So, what changed? In late 2015, a tiny bundle of joy entered my life and it wasn’t of the humankind. A 9-week-old pug cross called Winston showed Dylan and I that a family member can have four legs, and this was the very unexpected start of me taking control of my new life. Winston needed me more than I needed to be wrapped up in my thoughts about PCOS. And with that, I started to discover life outside of my medical condition. A life outside of children and a new way to define the word ‘family’. I overhauled my lifestyle to find a healthy physical and mental balance, and as 2020 begins, Dylan and I have come a very long way. We have both realised that we are shaping a full life, even if it is likely going to be a child-free one. We’re renovating our first home, shaping our careers and loving life with our pug crosses, Winston and Minnie.
So, what has PCOS taught me?
- Your body doesn’t define who you are!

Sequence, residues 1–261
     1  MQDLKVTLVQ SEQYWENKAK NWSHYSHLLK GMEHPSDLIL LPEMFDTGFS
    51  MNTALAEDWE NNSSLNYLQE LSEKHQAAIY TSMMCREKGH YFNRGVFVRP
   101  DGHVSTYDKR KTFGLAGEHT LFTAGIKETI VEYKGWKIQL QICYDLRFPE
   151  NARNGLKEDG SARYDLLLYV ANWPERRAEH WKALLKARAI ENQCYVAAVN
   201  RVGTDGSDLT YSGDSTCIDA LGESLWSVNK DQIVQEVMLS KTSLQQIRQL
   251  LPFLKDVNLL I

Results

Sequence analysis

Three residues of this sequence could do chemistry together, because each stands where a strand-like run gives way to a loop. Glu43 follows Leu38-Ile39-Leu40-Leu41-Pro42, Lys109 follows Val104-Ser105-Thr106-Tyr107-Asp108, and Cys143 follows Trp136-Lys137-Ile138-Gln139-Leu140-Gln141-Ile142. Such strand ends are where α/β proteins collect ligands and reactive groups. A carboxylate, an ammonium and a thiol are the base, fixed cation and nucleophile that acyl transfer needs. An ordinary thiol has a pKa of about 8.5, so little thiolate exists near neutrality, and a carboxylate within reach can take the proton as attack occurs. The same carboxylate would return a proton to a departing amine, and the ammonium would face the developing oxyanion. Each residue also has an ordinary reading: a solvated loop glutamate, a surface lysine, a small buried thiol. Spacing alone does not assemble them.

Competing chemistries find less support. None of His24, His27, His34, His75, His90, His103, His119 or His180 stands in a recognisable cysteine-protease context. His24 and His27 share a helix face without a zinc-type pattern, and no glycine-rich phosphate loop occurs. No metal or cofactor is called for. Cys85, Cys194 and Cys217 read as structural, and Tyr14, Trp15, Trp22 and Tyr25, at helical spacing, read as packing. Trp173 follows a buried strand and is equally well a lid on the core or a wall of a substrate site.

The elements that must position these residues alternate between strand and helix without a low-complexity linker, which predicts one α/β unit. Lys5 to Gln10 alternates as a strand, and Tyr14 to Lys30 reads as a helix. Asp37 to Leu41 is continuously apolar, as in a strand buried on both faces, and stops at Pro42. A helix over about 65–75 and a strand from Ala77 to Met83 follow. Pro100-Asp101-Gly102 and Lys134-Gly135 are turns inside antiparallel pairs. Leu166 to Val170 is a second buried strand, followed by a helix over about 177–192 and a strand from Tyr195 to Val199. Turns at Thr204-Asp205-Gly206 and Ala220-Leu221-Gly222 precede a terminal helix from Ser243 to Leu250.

- Your worth as a human being isn’t wrapped up in the success of your reproductive system
- Do not plan your life around societal expectations
- Family is what you decide, not what outdated tradition dictates
I try to consider that maybe PCOS is just a road marker on my path to taking a different direction in life?
Maybe I was put on this planet to adopt a child?
Maybe I was destined to be content as a pug mama?
Maybe I’m going to be that cool Auntie who travels the world and turns up randomly from a 6-week stint in Aruba with fridge magnets for everyone? Who knows? I don’t. My doctor doesn’t. My partner doesn’t. But I do know that I will not let being childfree negatively impact my life.
Thank you so so much to Sophie for sharing her honest story as a guest poster and sharing her thoughts and views in this piece. As I’ve stressed from the very beginning, this is a warm, empathic platform for people to share their stories, hopes, dreams, fears. Please do read Sophie’s story and leave a comment if you’d like to and share this series if you know anyone it could help. Together we are making changes.